Students mull over TTC offer of cheaper pass

A discounted “U-Pass” for around $59 per month may be offered to undergraduate students by January 2007, the TTC announced Wednesday, reported the Toronto Star Jan. 20. The catch? All students would pay for it in their fees, regardless of whether they use the TTC. “If you don’t live in Toronto, students will be taxed $480 for a service they’ll never use,” said Shamini Selvaratnam, vice-president for education at the York Federation of Students. Selvaratnam wants passes to be implemented only for those students who live in Toronto. The TTC’s offer won’t be implemented unless three GTA universities or colleges agree to it. 

Is Harper not for turning?

A popular theory that has emerged during this election campaign is that Stephen Harper has moderated and that the former head of the National Citizens Coalition is no longer the hard-line conservative he once was, wrote James Laxer, a political science professor in York’s Atkinson Faculty of Liberal & Professional Studies, in a Toronto Star op-ed piece Jan. 20. People who make such comments are whistling past the graveyard. In recent decades, both in Canada and abroad, neo-conservatives have not moderated when they have taken office. If anything, they have become more hard-line. If the Conservative leader is cut from the same cloth as Margaret Thatcher, Ronald Reagan and Mike Harris, expect him to slash government programs, argued Laxer.

New chief plans to tackle language and culture

Patricia Faries-Akiwenzie said retaining language and culture are two of the biggest issues to deal with during her current mandate as new chief of Moose Cree First Nation, reported The Daily Press in Timmins Jan. 20. With many of the community’s youth not fluent in Cree, the chief said it is integral to immerse them in their heritage. Communication will be key to tackling this problem and Faries-Akiwenzie, who graduated with an LLB from York in 1995, hopes her seven years experience as a lawyer will help. “Advocacy, research communication, negotiation — all those skills taught in law school fit perfectly here.”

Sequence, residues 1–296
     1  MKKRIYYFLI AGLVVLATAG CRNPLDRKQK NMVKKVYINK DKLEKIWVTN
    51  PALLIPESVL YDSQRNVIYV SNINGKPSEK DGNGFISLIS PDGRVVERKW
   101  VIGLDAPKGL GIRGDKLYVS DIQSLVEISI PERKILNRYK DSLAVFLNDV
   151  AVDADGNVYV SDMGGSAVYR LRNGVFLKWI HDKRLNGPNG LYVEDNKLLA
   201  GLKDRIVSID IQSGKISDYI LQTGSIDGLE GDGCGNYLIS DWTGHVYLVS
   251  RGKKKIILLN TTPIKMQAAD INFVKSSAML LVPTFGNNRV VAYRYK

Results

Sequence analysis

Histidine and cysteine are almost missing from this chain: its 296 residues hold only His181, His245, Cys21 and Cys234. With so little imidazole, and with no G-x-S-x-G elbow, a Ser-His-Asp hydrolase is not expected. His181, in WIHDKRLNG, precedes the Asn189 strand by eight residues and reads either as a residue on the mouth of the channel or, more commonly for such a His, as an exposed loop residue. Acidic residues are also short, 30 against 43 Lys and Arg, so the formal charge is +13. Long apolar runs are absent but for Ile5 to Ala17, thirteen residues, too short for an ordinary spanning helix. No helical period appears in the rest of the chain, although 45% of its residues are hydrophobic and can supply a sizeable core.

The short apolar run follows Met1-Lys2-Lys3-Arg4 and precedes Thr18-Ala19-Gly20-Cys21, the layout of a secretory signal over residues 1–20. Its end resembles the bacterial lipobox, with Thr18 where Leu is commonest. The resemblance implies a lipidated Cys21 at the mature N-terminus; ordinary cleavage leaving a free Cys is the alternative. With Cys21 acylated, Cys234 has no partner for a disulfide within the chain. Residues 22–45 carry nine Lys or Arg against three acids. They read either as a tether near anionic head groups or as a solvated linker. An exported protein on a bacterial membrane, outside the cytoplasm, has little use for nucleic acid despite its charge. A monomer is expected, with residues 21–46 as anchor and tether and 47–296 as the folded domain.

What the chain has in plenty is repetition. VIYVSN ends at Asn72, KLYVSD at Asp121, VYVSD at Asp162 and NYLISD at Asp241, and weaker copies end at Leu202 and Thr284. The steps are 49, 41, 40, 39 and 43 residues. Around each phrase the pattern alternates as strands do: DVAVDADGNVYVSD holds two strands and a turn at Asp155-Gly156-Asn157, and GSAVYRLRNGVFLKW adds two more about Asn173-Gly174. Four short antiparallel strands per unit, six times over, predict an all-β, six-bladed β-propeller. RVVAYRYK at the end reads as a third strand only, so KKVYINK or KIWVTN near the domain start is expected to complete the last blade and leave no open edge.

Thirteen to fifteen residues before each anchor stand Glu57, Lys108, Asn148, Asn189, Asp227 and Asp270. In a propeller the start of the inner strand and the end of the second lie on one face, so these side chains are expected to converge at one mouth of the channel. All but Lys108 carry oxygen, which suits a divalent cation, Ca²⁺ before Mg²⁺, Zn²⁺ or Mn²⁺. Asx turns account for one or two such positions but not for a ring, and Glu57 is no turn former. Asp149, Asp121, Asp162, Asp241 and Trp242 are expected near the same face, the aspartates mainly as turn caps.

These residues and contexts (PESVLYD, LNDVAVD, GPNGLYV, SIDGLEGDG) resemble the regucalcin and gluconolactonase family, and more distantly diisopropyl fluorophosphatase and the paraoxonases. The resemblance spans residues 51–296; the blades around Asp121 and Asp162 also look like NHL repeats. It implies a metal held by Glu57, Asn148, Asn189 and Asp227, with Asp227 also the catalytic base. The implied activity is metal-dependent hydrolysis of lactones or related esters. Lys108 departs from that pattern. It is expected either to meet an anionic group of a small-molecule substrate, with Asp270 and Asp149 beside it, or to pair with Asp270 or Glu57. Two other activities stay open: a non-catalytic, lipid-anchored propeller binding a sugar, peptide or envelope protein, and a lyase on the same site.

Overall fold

Visit to Africa part of TV series

SOS Children’s Villages scholarship student Samuel Fuakye and his Canadian friend Laura Thompson are two of the young people profiled in a new television series set to air in March, reported The Packet & Times in Orillia Jan. 20. “Making Children Matter,” the story of Samuel and Laura’s visit to his SOS Village in Tema, Ghana, is one of the original pilot episodes for a new documentary series called “World Class”, which follows the first-time experience of young Canadians who want to learn more about how they can effect change in the developing world. Fuakye and Thompson met at York. Fuakye, who comes from Ghana is an undergraduate student at York, and Thompson graduated with a BA in geography from York in 2004.

Body Shop owner just fell into retail

How Margot Franssen became a retail powerhouse is a bit of a fluke, reported The Daily Courier in Kelowna Jan. 20 in a story about opening an Accessorize boutique in the British Columbia town. “I graduated with a degree [BA] in philosophy in 1979 from York,” Franssen said. “And what do you do with a degree in philosophy? Anyway, for my grad, somebody sent me a Body Shop gift basket from England and I took notice of those ugly, but distinctive, bottles.”

On air

  • Alan Young, a professor at York’s Osgoode Hall Law School, commented on Conservative leader Stephen Harper’s remarks about the Canadian judiciary, on “CTV National News” Jan. 19. Young said: “Judges pretty much act independently once they get on the bench. So I’m not really sure why Harper is concerned that the court is currently stacked with a lot of Liberal appointments.”
  • Alan Middleton, marketing professor at York’s Schulich School of Business, contended that people are turned off by harsh attack ads, on CBC Radio’s “Ontario Today” Jan. 19.
  • Charles Hopkins, an expert on sustainability and UNESCO Chair in Reorienting Teacher Education in York’s Faculty of Education, said environmental renewal projects underway in Sudbury are a role model for communities around the world, reported CBC Radio “News” in Sudbury Jan. 19.
  • Ron Burke, professor emeritus of organizational behaviour at York’s Schulich School of Business, commented on a new study out of the UK that says more than a quarter of workers eat breakfast at their desks, on CFTR-AM’s “680 News” in Toronto Jan. 19. The item was also broadcast on CJNI-FM’s “News” in Halifax.